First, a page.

Driscoll’s shift

Karla Hayward
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‘New Paintings’ documents artist’s ever-changing palette

There are artists who seem driven to create less as means of expression than as a way to soothe an obsessive compulsive itch. They worry at a theme or subject, endlessly reiterating, producing a similar work time and time again, with just slight variation.

Steve Driscoll isn’t one of those. From troubling, muddy industrial works built on chicken wire and festooned with vinyl tubing, to delicate flowers viewed at the macro level and executed in clean high-gloss pigments, to multi-layered, snow-veiled Canadian landscapes, Driscoll is a painter who is ever-evolving. One constantly learning and growing in his craft.

Want to judge for yourself? Just head to Bianca’s on Water Street and check out his latest show, “New Paintings.”

Natural occurance

According to Driscoll, changes in technique or subject aren’t part of a conscious plan. Rather, they’re something that happens organically.

“I’ll learn something in the studio that will inform how I look at the work. … (For instance) when I learned about carving, I became focused on line work. I started to think about vines, branches. … I realized I had a new way to control the urethane. I could approach a piece completely differently after that.”

From this discovery, sprang Driscoll’s simply gorgeous floral series, punchy and intricate on their high gloss black backgrounds. (This carving technique, in which Driscoll gouges channels into board to contain areas of colour variation, can also be seen in several of the landscapes in his current show.)

The idea for a new series can also come from the exterior world. Recently, while spending a week in a secluded log cabin in Northern Ontario, Driscoll was struck by how a house can be seen as a portrait of the people inside it. A previously uninteresting, “nothing special” structure suddenly became enthralling, spawning pieces based on the small homes and cabins near where he vacationed.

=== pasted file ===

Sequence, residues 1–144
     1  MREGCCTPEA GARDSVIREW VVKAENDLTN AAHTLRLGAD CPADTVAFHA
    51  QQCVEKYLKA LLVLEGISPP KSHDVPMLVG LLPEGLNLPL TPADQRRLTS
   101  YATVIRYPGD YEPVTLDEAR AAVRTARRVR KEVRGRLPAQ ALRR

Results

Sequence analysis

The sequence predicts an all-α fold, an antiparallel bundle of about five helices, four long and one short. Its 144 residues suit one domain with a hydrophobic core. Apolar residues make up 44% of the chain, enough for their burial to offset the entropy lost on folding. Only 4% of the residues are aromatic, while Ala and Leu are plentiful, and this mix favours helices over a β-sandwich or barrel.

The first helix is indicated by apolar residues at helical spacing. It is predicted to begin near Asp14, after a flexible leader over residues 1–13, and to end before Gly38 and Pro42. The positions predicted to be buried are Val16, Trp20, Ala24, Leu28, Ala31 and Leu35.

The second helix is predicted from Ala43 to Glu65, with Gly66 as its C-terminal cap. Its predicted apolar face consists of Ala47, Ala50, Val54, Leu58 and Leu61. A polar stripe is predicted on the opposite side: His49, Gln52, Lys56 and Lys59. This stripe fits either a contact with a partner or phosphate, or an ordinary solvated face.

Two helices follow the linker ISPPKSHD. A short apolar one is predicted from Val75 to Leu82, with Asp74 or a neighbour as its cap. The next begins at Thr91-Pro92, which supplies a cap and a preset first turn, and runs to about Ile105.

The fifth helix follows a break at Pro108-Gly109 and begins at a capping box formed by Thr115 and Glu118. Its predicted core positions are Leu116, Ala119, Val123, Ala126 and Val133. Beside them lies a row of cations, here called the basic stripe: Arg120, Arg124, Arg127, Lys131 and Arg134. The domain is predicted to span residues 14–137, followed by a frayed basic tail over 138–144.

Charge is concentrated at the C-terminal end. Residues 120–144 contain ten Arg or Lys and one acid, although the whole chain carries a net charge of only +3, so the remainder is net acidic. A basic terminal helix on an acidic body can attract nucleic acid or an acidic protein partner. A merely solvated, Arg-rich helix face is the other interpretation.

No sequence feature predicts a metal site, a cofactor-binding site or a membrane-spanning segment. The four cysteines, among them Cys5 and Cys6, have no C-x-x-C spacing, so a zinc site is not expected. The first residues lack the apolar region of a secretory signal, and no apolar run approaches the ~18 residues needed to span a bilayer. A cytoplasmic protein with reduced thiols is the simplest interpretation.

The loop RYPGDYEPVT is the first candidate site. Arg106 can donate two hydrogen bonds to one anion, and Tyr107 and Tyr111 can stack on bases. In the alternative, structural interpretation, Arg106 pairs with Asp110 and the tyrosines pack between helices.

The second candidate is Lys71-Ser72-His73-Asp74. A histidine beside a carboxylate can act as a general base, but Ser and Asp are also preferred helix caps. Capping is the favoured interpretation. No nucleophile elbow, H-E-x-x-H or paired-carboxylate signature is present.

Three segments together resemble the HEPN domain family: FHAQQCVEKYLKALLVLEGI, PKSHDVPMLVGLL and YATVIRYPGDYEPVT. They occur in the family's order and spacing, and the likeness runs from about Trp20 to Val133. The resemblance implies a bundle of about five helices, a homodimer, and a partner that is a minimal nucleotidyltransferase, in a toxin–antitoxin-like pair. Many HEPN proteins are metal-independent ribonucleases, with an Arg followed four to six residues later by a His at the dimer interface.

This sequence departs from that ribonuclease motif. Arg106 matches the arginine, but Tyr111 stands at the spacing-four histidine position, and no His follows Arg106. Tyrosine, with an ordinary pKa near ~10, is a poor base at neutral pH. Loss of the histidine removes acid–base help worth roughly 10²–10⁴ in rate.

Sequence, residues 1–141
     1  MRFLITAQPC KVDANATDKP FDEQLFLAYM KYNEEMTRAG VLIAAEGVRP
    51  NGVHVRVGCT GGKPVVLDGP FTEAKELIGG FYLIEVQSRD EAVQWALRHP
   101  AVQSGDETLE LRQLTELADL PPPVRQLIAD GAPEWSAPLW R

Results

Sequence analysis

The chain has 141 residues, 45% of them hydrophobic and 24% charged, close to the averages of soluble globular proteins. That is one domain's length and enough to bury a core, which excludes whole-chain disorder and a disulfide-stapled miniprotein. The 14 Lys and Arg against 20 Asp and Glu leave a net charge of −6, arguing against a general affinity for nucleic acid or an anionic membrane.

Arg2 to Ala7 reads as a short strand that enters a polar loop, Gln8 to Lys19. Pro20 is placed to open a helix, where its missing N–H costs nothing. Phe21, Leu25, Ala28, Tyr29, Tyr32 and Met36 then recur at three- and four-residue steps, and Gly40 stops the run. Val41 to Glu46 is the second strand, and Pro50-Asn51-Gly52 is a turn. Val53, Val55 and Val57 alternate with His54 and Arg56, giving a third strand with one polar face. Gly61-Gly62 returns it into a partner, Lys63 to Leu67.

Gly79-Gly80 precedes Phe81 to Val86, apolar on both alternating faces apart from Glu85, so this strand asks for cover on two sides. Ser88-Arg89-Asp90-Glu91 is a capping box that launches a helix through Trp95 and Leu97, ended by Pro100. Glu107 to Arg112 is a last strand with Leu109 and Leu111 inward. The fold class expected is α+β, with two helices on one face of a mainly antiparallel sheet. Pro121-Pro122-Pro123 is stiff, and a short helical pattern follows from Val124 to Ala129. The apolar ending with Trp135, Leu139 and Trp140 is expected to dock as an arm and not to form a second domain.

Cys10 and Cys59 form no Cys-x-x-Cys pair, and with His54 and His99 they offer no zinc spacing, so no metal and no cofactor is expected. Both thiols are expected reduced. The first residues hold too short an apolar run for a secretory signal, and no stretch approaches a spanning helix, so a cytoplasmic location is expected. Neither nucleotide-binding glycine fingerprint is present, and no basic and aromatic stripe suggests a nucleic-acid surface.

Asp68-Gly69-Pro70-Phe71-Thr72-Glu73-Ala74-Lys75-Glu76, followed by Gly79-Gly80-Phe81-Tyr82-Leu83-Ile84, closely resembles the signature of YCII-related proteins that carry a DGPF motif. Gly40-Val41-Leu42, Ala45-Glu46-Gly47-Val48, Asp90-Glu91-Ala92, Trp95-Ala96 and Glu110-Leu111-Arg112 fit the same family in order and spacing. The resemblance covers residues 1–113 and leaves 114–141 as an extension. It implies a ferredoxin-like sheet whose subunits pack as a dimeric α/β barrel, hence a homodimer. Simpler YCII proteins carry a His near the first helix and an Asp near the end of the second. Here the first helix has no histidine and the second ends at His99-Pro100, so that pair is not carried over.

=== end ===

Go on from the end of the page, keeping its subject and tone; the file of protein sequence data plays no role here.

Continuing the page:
The works in Driscoll’s latest show are largely literal landscapes that Driscoll was exposed to in Ontario, Newfoundland and the northeastern U.S. Many, which he collectively nicknames “the birches” are landscapes seen through the trunks of a stand of trees. Most are also seen through falling snow.

“That’s sort of a Pollack thing; a veil of paint on the surface. Then there’s the trees, then the landscape, then the black background. … It’s all designed to keep the eye dancing, moving. Within this image of stillness, there’s still so much happening.”

Unusual in Driscoll’s work are figures. Barring his samurai series, the works rarely show any living thing with a pulse. In this show however, we find a lone man, wrapped in broad stripes of colour, outside a red barn (“Site to See,” 24 X 30).

“I’ve always wanted to do (figures). … We were near Lake Placid, and a freak snowstorm came up. We had no jackets, nothing warm. My friend found this Hudson Bay blanket in a thrift store and wore it around for days. There was just something so amazing about him standing there. … Something so Canadian, even though we were in the U.S.”

Driscoll, along with James Baird, will present a series of his most recent work at Bianca’s on Thursday. All art lovers are encouraged to attend and chat with the artist, Driscoll being a fantastic host, happy to discuss any and everything, painting related or not.

“Steve Driscoll ~ New Paintings,” opens Thursday, Aug. 26 at Bianca’s, 171 Water St. with a reception 5-7 p.m. Learn more at www.stevedriscoll.com.

Geographic location: Water Street, Northern Ontario, Ontario Newfoundland Lake Placid Hudson Bay U.S.

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